You may encounter procrastination and writing blocks if your heart’s just not into what you’re writing. If something essential is wrong or missing in terms of your personal relationship with your project, your body and mind can go out on strike. How do you know when you should make a radical shift, or abandon writing altogether and move on the something new?
It is important to determine whether your resistances are self-sabotaging mechanisms that prevent you from achieving writing goals that are meaningful to you, or if they are honest messages from within yourself informing you that you are on the wrong track. In some cases, the truth may be that you don’t want to write at all – not because it’s too hard, but because other things are more important to you.
Such a revelation might be a personal crisis, especially if you have a history of identifying yourself as a writer, and you no longer feel the drive, interest or gratification that writing used to provide.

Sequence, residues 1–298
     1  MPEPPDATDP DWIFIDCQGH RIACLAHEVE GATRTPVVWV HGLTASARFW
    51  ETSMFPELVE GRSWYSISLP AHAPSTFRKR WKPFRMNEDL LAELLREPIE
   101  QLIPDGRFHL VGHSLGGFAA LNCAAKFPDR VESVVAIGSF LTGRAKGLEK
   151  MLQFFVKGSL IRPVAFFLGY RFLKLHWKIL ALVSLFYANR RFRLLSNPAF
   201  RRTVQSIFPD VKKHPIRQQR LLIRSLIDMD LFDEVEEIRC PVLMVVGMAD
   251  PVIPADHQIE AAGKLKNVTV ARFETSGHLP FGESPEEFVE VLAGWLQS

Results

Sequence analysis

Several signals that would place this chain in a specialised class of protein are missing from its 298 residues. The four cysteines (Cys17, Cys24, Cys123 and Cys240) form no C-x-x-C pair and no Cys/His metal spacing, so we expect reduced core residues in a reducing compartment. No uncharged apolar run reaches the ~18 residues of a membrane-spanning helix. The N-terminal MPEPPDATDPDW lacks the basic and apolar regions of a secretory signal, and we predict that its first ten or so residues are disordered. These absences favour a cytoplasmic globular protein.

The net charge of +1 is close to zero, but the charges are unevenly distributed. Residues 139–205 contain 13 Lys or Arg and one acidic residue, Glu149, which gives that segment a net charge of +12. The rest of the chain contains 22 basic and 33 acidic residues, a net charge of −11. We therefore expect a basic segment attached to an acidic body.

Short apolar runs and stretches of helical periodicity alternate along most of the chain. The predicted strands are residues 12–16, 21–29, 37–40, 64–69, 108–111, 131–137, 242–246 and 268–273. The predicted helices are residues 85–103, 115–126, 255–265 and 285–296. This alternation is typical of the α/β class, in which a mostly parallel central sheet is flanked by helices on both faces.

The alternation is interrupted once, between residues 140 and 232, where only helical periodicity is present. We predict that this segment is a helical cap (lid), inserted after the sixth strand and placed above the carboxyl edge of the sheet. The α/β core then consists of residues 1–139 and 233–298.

Now, it could be that you’re burned out and just need a break. Take a writing vacation and see how you feel in a couple of weeks. Does the desire to write return? If it does, you’re not done. Maybe you need to develop and grow by breaking out of old patterns and doing something completely new with your writing.
Or perhaps the writing chapter of your life is winding down to make way for different interests and modes of expression. Not all writers stay at it throughout their entire life. That’s not a crime.
As one woman said after a class I taught on writer’s block, “This class really helped me realize I really don’t want to be a writer. Thanks!”